Deepfakes are AI-generated fake videos depicting individuals who, in reality, never appeared in the staged scene. This 21st-century “Photoshop” has the potential to greatly manipulate public opinion. This is evident in two party-approved deepfake videos featuring Bharatiya Janata Party (BJP) member Manoj Tiwari criticizing the incumbent Delhi government of Arvind Kejriwal. It’s the first time a deepfake video designed for political motives has been identified in India — and it won’t be the last.
Officials from BJP partnered with political communications firm The Ideaz Factory to employ deepfakes in order to reach different linguistic voter bases.
Although the official languages in India are Hindi and English, there are actually 22 major languages in India, written in 13 different scripts, with over 720 dialects. In a country of 1.3 billion people, politicians cannot ignore voters who exclusively speak another dialect.
In the original video, Manoj Tiwari made a brief political statement accusing the current Delhi leadership of making false promises to their electorate.
The original was then deepfaked in English and Haryanvi, a popular Hindi dialect spoken in Delhi.
According to Vice, the two deepfakes were shared across 5,8000 WhatsApp groups in the Delhi region, reaching around 15 million people.
Deepfakes are the reason why you can see Obama calling Trump a “complete dipshit” or Mark Zuckerberg bragging about having “total control of billions of people’s stolen data”. These statements were never made in reality, but they show the tremendous power modern machine learning algorithms have of spreading fake news. Imagine someone putting their words in your mouth and making it all seem eerily genuine.
According to Deeptrace, an AI firm, there were over 15,000 deepfake videos online in September 2019. Their number doubled over nine months, a staggering 96% of which are porn deepfakes that map the faces of female celebrities on to porn stars. Then there are deepfakes made as spoofs or satire. And, of course, there are also deepfakes used for political reasons.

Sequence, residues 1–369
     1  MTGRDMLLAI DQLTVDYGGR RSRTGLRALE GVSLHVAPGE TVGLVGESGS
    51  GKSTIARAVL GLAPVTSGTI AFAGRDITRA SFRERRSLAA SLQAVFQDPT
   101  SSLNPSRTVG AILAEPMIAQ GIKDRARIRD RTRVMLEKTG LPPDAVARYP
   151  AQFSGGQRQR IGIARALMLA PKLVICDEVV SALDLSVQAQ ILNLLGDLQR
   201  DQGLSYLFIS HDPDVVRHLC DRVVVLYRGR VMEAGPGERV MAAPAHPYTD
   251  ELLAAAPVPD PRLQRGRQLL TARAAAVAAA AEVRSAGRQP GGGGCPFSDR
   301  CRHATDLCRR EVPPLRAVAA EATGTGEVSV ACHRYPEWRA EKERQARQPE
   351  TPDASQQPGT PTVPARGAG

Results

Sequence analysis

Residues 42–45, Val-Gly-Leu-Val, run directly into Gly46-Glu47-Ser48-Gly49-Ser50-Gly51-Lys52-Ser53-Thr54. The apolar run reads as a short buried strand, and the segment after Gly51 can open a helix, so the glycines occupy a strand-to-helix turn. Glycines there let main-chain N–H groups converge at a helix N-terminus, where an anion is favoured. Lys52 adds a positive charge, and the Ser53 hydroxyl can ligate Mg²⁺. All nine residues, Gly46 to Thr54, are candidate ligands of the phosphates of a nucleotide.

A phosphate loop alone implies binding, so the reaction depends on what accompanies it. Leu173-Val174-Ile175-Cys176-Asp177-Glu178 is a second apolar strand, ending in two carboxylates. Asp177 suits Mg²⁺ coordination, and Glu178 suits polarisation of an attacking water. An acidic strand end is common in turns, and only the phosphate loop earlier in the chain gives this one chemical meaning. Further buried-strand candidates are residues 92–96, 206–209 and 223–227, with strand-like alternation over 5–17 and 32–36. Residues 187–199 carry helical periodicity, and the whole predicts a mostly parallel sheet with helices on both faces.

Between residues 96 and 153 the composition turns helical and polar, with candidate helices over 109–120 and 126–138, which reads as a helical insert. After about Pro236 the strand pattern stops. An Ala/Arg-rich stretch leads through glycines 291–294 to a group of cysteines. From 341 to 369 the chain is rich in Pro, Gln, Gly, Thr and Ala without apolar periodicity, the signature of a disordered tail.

In this particular case, the deepfakes were approved by Manoj Tiwari’s party to serve as a sort of high-tech dubbing, in which the speaker’s lips and facial expressions are synced with the novel audio that utters words Tiwari had never spoken.
This, in itself, might sound somewhat innocent. However, where can you draw the line between what’s nefarious and what isn’t when weaponizing deepfake tech during political campaigns and elections?
In the future, as deepfakes will become increasingly harder to spot, the danger they pose to democracy and journalism cannot be understated. A lie can travel halfway around the world while the truth is putting on its shoes. By the time a deepfake is exposed as a ruse, many people will have already formed an opinion based on the fake.
Expect troubled times ahead, especially as the high-stakes US Presidential elections in November arrives. The solution? Social networks need to keep up and employ an equally powerful AI to filter and flag potential deepfakes — but that’s harder said than done. What’s truly worrisome is that many of these deepfake algorithms are freely available online and people who even don’t know how to code can easily use them to make their own fake videos.
Ultimately, people need to be aware that these things exist and should become more skeptical of what they come across online.